THE BEACH HOUSE
US. 2019. Drama/Horror
Director: Jeffrey A. Brown
Cast: Liana Liberato (Emily), Noah Le Gros (Randall), Jake Weber (Mitch)
Natural horror twist
Natural Horror is a subgenre of Horror, where mother nature goes crazy and brings the most diverse kind of creations to end the terrestrial virus that is the human being. Usually, we relate this sub-genre to giant monsters, rabid predators, or armies of insects, birds, or amphibians. But there are other smaller creatures, that despite their minuscule size, are much, much more deadly: Microbes. The Beach House examines this sort of threat in an intimate and well-told little story.
Not so pleasing vacation trip
Emily and Randall are a young couple about to spend a few days at Randall’s father’s beach house. While Emily wants to continue her studies by studying astrobiology at university, Randall has given up on continuing her studies. Initially believing they were alone in the house, they run into Mitch and Jane. They are a mature couple and old friends of Randall’s father, who they asked the favor of residing for a few days at the same house. Because Jane suffers from a grave illness a few days at the beach would be beneficial for her health.
The two couples have a pleasant dinner in which they share stories, alcohol, and some edible marijuana. Afterward, they go out to enjoy the night even under the effects of what they ingested and begin to observe beautiful and tiny luminous particles that originate in the sea and are carried by the breeze, beginning to permeate the trees and houses on the land. They unknowingly are going to have a night that will change their lives.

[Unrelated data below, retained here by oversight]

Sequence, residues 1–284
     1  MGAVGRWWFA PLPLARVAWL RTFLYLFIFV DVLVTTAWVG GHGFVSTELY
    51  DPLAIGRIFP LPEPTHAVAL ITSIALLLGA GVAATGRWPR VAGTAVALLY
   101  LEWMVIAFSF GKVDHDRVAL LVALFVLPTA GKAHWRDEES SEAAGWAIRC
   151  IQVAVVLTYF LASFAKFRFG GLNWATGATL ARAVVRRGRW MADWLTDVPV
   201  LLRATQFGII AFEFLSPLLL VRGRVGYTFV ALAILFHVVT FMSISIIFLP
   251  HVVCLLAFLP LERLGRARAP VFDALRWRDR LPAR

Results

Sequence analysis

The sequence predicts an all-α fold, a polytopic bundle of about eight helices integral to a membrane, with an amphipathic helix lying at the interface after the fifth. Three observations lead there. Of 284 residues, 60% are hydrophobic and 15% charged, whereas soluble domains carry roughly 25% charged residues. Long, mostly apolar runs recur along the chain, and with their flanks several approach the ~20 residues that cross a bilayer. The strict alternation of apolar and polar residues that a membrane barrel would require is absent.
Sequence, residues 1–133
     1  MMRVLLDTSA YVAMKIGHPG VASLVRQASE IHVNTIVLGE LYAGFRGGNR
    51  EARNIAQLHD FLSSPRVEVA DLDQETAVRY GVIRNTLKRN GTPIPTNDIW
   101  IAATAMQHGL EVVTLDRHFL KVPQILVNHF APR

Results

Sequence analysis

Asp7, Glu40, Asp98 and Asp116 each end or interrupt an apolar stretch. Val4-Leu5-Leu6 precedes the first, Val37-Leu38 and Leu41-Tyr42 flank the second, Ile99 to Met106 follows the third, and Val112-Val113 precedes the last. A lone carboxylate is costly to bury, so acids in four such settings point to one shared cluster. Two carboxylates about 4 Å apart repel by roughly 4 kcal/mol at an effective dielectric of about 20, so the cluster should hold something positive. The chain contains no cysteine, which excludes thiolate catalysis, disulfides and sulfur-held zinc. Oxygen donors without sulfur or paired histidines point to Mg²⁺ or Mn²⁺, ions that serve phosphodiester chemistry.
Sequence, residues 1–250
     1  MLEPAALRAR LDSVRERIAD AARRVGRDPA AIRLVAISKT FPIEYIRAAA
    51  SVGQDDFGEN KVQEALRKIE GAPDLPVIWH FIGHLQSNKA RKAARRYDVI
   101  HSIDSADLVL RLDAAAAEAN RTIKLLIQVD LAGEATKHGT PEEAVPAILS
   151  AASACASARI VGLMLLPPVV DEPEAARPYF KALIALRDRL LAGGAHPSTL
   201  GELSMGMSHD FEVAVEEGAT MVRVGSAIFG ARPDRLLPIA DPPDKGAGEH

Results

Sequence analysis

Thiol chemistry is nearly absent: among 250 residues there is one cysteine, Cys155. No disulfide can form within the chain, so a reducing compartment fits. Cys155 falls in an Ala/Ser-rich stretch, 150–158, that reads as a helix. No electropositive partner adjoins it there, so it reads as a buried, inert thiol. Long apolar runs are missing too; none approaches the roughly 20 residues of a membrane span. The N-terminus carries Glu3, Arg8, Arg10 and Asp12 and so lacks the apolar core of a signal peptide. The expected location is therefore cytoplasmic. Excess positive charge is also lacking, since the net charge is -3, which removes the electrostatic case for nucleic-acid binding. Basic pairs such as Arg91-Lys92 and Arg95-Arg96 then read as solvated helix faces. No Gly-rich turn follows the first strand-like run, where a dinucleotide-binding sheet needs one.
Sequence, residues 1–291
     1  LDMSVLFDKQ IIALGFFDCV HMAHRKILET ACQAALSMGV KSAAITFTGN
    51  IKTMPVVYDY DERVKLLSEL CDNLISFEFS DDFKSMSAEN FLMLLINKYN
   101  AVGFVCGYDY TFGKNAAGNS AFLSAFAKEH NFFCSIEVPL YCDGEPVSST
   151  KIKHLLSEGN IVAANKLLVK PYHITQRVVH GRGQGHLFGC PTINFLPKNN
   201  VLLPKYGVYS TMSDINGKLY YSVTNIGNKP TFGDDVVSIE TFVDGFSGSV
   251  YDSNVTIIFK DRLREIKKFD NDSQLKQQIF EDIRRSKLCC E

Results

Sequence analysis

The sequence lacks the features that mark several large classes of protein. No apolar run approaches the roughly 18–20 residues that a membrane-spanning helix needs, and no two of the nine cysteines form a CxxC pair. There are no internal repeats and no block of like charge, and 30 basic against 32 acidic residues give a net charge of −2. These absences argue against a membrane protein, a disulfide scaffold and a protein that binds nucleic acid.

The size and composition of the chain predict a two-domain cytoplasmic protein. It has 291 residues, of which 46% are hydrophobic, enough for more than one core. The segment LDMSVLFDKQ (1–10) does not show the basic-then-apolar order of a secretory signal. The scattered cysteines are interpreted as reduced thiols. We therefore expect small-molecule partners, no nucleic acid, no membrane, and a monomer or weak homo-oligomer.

The Beach House is the first feature film by Jeffrey A Brown, who also writes. The commitment and love for this project on the part of Brown are unquestionable. As a director, he manages to give us some good shots and a fluid story. Recognizes how to take advantage of the environment around him very well and becomes a fundamental part of the narrative. A place he knows well, the film made in North Truro, Massachusetts, at the beach house owned by his father. The story is coherent, giving dialogues a down-to-earth feeling. Being an independent production, the money they had was not much, and that hampered the ambitions of where and how far they could take the story. The story is competently narrated, but there are not so many shocks.
Another achievement of Brown is that he got good performances from all the actors. Liana Liberato does her part convincingly as the sensitive but determined Emily. The compromise in the project is evident in Jake Weber as the protector Mitch. CGI special effects are few but nice looking. The film relies more on practical special effects well-executed. A high point in the movie is a scene when a parasite needs to be surgically removed from a wound. This scene is very well done and has a good level of tension conceived by the director and performed by the actress. You can see the definite influence of David Cronenberg and his body horror subgenre throughout the film.
Made with care.
The Beach House is a film made with affection. Everyone who was involved commits. Perhaps the most significant deficiency is in the very limitations that they imposed on themselves. Although the story is solid, there are not many memorable moments. Brown is talented, and perhaps with a bigger budget, he could have gotten more out of the intriguing premise. This one is not for fans of jump scare flicks. Indie fans and those who can relate to more small, intimate stories will like it more. Even though this intimacy is somewhat sick and contaminated.
Many elements are well accomplished in this little sci-fi film. Not many shocks. For fans of natural horror.